Marriage and social change : The nuptials, in their utter­ances, promises, hopes and fears, symbolise a great social transition in the life of the bride and the bridegroom. They are no longer irresponsible youths depending upon their parents for their bread and views. The seriousness of life dawns upon them. They forsake their old families to form a new one. They have to run an independent home, earn their own livelihood, procreate children, and discharge their obligations towards society. This is a life of responsibilities and cares. It is only in this sense that Hindu marriage or Vivaha can properly be understood which means to lift, to support, to hold up, and to sustain. This involves a great compromise and mutual sacrifice.

Those who marry only for pleasure are sorely disappointed. The essential difficulties of life are not given a send off under the wedding canopy but, as a matter of fact, the conscious acceptance of responsi­bilities in life is going to be a veritable lesson in human endurance. We no doubt talk of a happy mar­riage. A happy marriage is however possible when, though being united physically, both partners con­tribute to each other’s progress as individuals.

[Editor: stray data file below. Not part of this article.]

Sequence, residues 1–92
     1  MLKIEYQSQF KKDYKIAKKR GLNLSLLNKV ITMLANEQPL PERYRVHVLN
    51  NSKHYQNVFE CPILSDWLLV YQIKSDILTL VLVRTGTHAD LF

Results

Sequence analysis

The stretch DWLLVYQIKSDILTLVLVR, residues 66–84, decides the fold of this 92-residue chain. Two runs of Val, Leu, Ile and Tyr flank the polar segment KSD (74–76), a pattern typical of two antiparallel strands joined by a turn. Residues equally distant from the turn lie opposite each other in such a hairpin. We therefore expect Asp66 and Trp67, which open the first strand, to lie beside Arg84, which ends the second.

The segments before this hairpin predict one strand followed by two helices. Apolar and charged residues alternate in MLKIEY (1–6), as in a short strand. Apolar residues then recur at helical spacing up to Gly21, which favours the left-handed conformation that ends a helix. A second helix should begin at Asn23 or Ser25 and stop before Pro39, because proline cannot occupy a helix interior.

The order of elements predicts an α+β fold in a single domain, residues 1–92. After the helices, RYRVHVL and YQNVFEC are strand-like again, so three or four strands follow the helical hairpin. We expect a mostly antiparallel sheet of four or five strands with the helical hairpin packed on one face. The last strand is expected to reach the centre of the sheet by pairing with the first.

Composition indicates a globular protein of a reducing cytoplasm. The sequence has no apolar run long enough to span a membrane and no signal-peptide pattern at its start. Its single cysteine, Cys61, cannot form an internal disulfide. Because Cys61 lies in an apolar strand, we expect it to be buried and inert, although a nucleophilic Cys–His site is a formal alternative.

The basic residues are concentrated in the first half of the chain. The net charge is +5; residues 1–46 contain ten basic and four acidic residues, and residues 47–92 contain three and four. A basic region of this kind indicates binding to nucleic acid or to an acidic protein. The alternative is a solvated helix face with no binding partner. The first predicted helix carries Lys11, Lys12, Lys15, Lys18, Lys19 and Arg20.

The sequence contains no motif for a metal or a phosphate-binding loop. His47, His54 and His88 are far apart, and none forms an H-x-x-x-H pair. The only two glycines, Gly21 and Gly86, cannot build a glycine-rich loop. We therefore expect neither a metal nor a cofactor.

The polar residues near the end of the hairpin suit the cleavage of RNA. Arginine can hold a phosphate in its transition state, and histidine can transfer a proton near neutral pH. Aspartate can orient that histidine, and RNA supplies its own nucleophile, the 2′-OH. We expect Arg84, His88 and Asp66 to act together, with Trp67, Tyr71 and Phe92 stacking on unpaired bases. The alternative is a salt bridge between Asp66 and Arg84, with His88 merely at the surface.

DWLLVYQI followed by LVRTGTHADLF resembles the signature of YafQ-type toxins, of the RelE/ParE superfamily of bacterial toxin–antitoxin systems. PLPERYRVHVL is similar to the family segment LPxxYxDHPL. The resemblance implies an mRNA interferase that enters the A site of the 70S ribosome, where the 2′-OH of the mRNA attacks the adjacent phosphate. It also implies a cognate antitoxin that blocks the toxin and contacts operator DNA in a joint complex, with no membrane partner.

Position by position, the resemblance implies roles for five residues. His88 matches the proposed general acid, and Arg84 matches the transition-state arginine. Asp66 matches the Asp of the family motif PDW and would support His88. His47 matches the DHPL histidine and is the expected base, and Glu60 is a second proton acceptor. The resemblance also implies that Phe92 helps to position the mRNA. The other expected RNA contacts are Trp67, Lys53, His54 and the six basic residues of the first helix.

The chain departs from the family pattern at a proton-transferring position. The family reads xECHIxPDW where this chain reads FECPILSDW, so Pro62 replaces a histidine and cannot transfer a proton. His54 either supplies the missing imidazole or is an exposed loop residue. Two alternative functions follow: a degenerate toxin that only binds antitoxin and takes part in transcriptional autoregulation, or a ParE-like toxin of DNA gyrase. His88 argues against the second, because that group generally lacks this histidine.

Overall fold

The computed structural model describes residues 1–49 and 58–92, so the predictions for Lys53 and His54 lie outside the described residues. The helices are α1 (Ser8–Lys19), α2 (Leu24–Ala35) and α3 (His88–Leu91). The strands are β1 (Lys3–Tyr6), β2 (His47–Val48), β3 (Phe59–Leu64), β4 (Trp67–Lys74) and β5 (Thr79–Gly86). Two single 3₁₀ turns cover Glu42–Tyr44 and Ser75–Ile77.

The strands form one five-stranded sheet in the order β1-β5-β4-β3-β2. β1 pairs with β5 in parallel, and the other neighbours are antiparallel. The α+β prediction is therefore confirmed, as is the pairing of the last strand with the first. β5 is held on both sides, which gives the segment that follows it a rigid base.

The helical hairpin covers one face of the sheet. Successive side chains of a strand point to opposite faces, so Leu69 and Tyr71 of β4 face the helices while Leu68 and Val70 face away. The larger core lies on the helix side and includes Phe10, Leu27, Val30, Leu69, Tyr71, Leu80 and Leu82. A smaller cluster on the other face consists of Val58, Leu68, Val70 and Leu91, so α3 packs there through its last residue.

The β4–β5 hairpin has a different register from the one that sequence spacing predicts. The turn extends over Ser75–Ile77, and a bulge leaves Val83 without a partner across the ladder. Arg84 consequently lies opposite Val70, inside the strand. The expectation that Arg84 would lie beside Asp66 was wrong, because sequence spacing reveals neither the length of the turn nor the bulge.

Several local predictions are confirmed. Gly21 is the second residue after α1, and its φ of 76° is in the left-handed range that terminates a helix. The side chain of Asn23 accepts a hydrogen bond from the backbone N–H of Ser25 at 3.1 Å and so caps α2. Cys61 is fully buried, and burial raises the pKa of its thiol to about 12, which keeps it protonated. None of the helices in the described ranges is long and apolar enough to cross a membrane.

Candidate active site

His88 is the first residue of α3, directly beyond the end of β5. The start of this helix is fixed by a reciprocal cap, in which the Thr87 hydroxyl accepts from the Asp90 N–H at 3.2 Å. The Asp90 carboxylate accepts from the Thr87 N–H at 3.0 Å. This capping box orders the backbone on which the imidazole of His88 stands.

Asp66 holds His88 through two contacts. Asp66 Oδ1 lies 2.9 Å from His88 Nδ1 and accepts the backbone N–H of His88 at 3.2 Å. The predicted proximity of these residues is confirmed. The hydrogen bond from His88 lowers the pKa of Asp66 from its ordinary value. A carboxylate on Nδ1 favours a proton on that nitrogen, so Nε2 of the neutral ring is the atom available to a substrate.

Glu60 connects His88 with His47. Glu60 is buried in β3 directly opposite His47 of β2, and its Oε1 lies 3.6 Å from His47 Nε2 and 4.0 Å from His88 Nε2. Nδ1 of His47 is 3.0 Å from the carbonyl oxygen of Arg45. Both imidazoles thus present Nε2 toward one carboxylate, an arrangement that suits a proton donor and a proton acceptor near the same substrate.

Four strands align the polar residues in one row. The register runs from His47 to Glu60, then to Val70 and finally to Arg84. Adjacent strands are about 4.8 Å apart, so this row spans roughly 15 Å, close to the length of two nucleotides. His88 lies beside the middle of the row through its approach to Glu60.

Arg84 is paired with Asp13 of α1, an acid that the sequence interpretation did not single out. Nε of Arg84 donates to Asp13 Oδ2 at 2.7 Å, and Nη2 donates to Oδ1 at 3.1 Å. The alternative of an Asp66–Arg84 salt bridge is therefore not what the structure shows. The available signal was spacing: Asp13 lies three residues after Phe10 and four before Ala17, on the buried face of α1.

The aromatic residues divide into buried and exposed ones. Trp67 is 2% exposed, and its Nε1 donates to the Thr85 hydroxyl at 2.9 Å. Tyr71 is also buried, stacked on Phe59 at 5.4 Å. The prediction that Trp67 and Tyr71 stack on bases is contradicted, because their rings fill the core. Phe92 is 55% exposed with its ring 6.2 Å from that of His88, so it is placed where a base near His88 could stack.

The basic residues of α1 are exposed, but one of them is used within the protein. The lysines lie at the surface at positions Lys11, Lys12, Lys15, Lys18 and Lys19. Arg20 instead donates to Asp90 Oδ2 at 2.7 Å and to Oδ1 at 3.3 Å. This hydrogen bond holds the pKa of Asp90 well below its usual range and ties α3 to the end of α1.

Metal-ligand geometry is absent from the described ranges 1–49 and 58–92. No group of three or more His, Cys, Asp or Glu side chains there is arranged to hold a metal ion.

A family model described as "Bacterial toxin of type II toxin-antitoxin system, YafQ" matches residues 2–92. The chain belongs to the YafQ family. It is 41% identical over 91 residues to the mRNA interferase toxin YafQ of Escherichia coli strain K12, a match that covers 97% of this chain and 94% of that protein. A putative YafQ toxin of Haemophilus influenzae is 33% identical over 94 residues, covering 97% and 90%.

Khalil Gibran has rightly said of marriage : “You were born together, you shall be for ever more. You shall be together when the white wings of death scat­ter your days. Aye, you shall be together even in the silent memory of God. But let there be spaces in your togetherness. And let the winds of the heavens dance between you”.